Apart from fancy dance moves and uncanny wit, the ability to solve a Rubik’s Cube has established how eclectically cool a person is for… at least the past 40 years. But what if you knew your cube so well, you could make it solve ITSELF. Japanese designer Takashi Kaburagi of Human Controller has spent the last few years creating a Rubik’s Cube which can do just that.
His first design in 2017 was made by placing a relatively large computer and a handful of motors inside a large Rubik’s Cube (you can tell how big it is by how a Cube face takes up the entire size of one of his hands). Once the Cube was scrambled, rotating the top face 360° would activate the computer and make it solve itself.
Fast-forward a year later and he has significantly improved the design. The 2018 version of the self-solving Rubik’s Cube is now the same size as a regular Cube and features a custom 3D-printed spherical computer which fits snuggly inside.
The internals alone are a treat to look upon, yes? This new cube features a microcontroller board and uses magnetized wire to connect the sensors to the onboard computer. When scrambled and left for a set period of time, the electronics activate the six motors which solve the Rubik’s Cube automatically.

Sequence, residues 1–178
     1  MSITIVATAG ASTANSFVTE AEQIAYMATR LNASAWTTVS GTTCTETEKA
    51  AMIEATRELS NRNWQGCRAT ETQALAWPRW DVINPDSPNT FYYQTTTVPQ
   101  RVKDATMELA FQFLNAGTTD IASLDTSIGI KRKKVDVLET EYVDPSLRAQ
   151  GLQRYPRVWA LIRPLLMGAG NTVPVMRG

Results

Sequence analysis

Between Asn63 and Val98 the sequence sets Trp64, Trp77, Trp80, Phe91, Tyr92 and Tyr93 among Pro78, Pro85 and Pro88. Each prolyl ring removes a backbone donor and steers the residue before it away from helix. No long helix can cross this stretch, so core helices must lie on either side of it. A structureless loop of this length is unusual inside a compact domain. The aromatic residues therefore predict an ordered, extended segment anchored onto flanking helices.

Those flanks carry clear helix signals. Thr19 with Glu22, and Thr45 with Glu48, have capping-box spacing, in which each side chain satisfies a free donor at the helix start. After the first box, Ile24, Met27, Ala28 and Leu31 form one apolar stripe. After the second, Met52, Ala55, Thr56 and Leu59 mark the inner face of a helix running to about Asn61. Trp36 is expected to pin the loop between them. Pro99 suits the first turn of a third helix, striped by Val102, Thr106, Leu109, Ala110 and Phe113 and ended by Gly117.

Takashi’s 2019 update doesn’t make quite the same leap as the 2018 design did from the 2017 version. It still retains the same size, computer, and self-solving technology, only this time the Rubik’s Cube floats.
You read that right: in an age where we still lack floating cars, at least we have a floating Rubik’s Cube. Using, what I can only assume are a ton of magnets, CGI, or black magic, Takashi has managed to scramble a Rubik’s Cube and get it to solve itself in mid-air.
He’s constantly improving on it, but you can definitely tell Takashi Kaburagi is becoming a savant when it comes to Rubik’s Cube designs. You can find more of his work on his YouTube channel, Human Controller.